The Passive Home

A "Passive House" is a home that has been built to exceed the highest standards for energy efficiency. Following this standard results in a ultra-low energy building that utilize a variety of elements to drastically reduce its ecological footprint. Buildings modeled after this concept save 60-80% compared to ordinary, code-compliant buildings. Harnessing sunlight, thermal energy, and air flow, "Passive Homes" are intelligent structures that work symbiotically with the Earth and its elements.

What's in it?

There are many design components that compose a passive home. A Passive Solar design collects heat from the sun with south-facing windows and an internal thermal mass. Superinsulated walls, floors, and roof, coupled with advanced window technology provide protection from extreme temperatures and efficient heating and cooling. Heat exchangers replace inside air with fresh, HEPA filtered air, simultaneously heating or cooling the house. Aerodynamic interior design utilizes convection to direct the flow of fresh air throughout the house. Lights are LED or a high-efficiency alternative, powered by solar where possible. Appliances are chosen selectively. Passive homes enable us to live comfortably, in harmony our planet.

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Passive House Standards for Excellence

  • The building must be designed to have an annual heating and cooling demand of not more than 15 kWh/m2 (4,755 BTU/sq ft; 5.017 MJ/sq ft) per year, OR be designed with a peak heat load of 10 W/m2 (1.2 hp/1000 sq ft)
  • Total primary energy (source energy for electricity, etc.) consumption (primary energy for heating, hot water and electricity) must not be more than 120 kWh/m2 (38,040 BTU/sq ft; 40.13 MJ/sq ft) per year
  • The building must not leak more air than 0.6 times the house volume per hour (n50 ≤ 0.6 / hour) at 50 Pa (0.0073 psi) as tested by a blower door

Essential Design Criteria

  1.  Complete and unbroken thermal envelope.  This means eliminating all thermal bridging of structural elements with a continuous layer of insulation and the use of high performance windows and doors.
  2.  Complete and unbroken air barrier, including air tight windows and doors, as well as sealed walls, floors, and roof.  This is examined via a blower door test. To pass, the structure must not exceed .6 air exchanges per hour at 50 Pascals.  (probably the most challenging standard to meet)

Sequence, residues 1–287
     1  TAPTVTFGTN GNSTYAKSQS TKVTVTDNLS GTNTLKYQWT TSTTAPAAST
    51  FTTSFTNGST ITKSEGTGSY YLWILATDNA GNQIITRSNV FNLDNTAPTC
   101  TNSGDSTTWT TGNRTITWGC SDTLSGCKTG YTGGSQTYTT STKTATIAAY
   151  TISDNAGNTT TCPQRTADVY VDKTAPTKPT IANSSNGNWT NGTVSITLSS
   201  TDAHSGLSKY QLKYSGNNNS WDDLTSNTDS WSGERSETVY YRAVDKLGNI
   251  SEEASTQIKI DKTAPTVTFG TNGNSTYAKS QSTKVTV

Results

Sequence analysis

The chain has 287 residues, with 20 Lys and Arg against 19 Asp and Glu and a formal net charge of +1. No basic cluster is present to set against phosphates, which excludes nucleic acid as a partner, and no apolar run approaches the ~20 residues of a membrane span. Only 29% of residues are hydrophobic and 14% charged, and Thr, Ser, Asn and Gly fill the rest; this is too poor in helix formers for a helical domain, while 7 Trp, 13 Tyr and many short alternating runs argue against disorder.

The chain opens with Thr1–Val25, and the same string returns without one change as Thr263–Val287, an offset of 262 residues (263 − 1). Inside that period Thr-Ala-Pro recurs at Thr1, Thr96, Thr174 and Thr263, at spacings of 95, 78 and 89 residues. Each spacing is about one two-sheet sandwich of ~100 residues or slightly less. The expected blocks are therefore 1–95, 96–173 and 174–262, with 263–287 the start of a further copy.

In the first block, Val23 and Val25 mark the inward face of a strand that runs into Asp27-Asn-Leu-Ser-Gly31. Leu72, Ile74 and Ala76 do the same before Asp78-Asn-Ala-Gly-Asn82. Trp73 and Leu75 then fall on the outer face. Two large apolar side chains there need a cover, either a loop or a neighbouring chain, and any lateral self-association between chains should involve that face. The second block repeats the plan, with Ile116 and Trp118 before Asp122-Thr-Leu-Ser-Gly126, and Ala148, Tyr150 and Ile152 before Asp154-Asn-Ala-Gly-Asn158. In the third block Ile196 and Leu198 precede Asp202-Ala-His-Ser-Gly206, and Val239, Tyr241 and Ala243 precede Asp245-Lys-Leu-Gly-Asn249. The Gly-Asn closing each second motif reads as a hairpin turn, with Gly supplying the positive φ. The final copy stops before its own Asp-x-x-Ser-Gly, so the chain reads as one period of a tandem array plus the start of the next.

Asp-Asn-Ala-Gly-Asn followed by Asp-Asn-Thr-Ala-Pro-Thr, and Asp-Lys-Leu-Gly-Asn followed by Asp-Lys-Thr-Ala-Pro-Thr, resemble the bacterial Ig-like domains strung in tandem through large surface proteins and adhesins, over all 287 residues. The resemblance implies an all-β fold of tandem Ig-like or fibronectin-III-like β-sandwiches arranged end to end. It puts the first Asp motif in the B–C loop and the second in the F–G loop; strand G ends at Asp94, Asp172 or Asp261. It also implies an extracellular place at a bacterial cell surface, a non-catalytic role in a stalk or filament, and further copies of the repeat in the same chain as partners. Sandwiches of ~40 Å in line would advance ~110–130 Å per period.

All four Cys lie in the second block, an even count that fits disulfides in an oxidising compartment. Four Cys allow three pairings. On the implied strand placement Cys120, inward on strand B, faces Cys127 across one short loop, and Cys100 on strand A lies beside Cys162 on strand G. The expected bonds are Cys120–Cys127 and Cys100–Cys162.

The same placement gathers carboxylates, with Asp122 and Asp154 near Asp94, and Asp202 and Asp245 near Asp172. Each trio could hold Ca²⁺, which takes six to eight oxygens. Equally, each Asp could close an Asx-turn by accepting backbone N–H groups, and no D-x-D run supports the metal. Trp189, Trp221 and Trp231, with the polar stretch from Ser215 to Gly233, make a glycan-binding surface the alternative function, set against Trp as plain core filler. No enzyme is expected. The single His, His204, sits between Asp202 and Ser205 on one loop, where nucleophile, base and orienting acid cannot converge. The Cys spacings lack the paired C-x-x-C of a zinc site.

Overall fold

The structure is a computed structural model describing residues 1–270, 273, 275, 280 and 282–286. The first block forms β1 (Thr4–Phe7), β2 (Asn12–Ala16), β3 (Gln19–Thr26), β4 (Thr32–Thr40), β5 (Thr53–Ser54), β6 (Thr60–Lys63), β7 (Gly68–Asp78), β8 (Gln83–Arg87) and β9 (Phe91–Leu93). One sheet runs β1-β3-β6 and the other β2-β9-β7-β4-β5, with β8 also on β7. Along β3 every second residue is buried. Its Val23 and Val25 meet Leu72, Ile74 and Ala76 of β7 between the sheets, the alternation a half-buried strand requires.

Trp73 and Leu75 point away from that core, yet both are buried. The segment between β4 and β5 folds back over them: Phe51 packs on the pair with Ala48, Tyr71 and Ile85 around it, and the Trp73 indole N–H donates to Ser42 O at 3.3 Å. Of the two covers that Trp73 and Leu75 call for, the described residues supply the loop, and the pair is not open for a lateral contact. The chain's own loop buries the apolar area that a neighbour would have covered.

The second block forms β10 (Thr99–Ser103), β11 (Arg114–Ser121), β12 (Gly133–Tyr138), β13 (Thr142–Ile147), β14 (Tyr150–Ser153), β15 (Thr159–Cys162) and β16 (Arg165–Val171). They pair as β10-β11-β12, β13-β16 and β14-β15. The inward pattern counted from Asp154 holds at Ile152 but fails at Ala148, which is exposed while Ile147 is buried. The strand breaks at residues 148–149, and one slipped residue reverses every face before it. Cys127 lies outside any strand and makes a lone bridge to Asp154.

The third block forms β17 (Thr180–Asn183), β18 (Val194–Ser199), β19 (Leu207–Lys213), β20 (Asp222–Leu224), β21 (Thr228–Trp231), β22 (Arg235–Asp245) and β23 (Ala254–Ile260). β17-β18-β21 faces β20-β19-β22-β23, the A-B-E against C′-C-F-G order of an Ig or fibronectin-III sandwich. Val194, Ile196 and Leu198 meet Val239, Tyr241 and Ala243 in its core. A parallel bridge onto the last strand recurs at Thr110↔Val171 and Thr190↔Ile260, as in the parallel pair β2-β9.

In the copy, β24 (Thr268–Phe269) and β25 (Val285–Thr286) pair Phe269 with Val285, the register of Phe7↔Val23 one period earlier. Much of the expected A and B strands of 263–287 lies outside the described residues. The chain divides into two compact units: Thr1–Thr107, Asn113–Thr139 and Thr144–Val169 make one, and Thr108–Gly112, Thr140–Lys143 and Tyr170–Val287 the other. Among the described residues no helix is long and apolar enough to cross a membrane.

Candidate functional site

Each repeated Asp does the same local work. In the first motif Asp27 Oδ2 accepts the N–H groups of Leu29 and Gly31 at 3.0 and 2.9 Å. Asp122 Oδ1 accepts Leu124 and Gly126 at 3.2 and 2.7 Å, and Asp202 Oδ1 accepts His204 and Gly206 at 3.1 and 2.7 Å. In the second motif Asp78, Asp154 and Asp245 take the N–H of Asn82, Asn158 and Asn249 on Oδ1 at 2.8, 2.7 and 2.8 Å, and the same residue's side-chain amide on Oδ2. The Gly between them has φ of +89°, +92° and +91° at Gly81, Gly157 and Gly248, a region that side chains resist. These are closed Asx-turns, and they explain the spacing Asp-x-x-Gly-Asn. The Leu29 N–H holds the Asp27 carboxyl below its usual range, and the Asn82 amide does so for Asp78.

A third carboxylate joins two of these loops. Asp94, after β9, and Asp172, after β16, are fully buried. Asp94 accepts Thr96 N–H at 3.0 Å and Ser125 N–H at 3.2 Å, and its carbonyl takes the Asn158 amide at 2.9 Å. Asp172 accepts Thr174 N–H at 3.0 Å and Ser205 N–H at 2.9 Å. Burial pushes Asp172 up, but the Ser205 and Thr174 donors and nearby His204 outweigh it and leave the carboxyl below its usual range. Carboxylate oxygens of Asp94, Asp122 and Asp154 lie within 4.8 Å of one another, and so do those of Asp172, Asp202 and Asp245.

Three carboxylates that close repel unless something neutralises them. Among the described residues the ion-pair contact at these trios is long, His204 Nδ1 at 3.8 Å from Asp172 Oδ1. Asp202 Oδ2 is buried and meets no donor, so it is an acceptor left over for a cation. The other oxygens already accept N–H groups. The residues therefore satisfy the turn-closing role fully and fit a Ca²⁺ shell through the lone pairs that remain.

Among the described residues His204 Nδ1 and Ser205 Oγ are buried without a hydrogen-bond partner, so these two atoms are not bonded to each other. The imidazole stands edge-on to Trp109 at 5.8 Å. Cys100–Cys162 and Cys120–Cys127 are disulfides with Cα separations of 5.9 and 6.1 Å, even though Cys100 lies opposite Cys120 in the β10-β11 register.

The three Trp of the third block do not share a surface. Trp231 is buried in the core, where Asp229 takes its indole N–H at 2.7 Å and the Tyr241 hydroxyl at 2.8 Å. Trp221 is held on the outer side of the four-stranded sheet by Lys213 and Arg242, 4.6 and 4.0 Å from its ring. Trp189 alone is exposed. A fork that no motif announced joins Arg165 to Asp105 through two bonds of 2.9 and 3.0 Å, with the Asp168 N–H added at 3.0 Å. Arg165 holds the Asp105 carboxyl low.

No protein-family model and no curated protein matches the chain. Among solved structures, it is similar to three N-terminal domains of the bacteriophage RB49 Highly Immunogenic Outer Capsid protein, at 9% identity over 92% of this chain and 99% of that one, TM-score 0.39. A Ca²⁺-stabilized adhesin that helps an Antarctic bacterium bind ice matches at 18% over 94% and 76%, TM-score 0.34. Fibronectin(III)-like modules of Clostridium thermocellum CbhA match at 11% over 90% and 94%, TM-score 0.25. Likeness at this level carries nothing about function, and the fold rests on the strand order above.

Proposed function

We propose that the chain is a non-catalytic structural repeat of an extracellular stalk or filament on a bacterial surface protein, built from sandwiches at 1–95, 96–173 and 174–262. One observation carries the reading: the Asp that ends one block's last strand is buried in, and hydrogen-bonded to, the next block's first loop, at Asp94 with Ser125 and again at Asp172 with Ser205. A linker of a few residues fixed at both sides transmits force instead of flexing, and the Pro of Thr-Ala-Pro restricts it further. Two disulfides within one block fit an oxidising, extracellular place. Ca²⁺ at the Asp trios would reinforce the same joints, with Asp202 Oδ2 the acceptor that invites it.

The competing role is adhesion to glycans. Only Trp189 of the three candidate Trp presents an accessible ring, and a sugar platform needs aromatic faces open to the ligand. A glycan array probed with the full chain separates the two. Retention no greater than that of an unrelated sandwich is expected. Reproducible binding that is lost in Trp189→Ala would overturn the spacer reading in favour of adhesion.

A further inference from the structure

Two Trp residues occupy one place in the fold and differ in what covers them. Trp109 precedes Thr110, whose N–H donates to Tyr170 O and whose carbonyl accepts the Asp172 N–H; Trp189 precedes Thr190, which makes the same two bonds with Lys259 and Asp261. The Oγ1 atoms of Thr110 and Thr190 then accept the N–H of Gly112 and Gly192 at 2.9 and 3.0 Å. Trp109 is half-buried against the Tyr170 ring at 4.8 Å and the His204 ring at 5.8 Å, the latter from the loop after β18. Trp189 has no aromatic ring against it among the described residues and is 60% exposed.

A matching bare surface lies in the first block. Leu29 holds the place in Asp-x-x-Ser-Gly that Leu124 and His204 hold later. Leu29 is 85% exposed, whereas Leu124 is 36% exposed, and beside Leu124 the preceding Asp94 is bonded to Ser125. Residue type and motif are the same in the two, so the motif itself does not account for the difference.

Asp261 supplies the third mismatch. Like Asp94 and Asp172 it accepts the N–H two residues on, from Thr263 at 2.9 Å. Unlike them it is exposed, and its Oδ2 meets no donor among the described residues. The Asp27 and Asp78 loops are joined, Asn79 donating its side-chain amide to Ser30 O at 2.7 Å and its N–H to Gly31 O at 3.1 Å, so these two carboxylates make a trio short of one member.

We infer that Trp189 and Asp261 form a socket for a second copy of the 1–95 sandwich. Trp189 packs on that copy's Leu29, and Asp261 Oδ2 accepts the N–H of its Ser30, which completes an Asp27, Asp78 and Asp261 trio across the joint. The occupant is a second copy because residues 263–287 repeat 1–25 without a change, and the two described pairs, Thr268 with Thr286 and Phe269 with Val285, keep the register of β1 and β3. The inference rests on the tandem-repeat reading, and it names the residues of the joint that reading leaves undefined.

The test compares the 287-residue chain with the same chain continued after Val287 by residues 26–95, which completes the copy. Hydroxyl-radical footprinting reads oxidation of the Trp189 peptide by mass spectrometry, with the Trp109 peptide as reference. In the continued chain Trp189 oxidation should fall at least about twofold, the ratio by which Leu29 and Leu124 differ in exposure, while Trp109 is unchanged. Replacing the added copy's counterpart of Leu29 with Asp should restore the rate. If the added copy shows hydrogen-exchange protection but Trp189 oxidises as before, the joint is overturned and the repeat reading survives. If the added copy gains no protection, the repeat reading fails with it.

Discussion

3.  Air exchange through a high efficiency Heat Recovery Ventilation (HRV) system, to remove stale air and introduce fresh air with little energy loss.
  4.  High efficiency mechanical systems, appliances, and electrical fixtures.

South Facing Passive Solar Design

South Facing Passive Solar Design


Sierra Sustainable Builders built this clean, modern passive home from the ground up with the objective to obtain Passive House certification (pending). We first insulated under the entire floor slab with 6” of EPS rigid insulation.  The walls were primarily 8.5” SIPs (Structural Insulated Panels).  Over these we installed a layer of 3” rigid insulation for a total of 11.5” of EPS insulation, R-42.  To cap it off, the roof was a continuous layer of 12” SIPs, R-44.  The framing design was optimized to eliminate structural thermal bridging wherever possible.  To complete the envelope, we used Intus windows and doors, imported from Europe which had an average .12 u-value (R 8.3).  (North American industry standard is u-value .33 or R 3.0)

The air barrier also originates below the slab as a 15 mil vapor barrier, sealed and taped to the perimeter and penetrations, ventilated by a passive radon vent.  SIP panels are individually air tight but, where they are joined, there is potential for air movement.  The walls were sealed with specialized building tape on the interior seams and over joints of dissimilar materials (concrete to wood).  On the exterior, we supplemented the air barrier with a liquid applied vapor barrier over the SIP panels.  For an effective air barrier, proper installation of the doors and windows is critical.  After applying a liquid applied moisture barrier around any openings, we placed the windows toward the center of the wall line and intentionally left space for a ¼” bead of specialized “air dam” caulking to seal the unit into the opening.  We then taped the seam between the wood frame of the house and the window frame, completing structure's efficient air seal.   

To manage air quality, a Heat Recovery Ventilator was installed. The ventilator we chose operates at an incredible 84% efficiency. This unit efficiently heat exchanges outgoing air with incoming, then delivers it at a slow but constant rate to living areas, and removes air from the wet and odiferous locations, such as the laundry, bathrooms, kitchen, creating a "clean-air" circulation throughout the home. 

With belief the future points toward solar as the primary source for power, we emphasized the use of high efficiency electric appliances such as an induction range and condensing dryer.  To supply heat, we chose electric mini split heat pumps, arguably the most efficient form of heat generation.  The only gas appliance is a tankless water heater.  We prewired for PV solar on the south facing roof.  Once the panels are installed, the potential is there for this home to completely offset energy from the grid.   

The location of this project afforded generous potential for passive solar elements.  Using available software, the design process involved modeling the solar exposure for all seasons.  This passive design maximizes solar gains during winter and minimizes them during the summer, enabling the home to draw most of its heat from the sun. Combined with effective insulation and super efficient design, this home provides a space that is comfortable, aesthetic, and amazingly functional.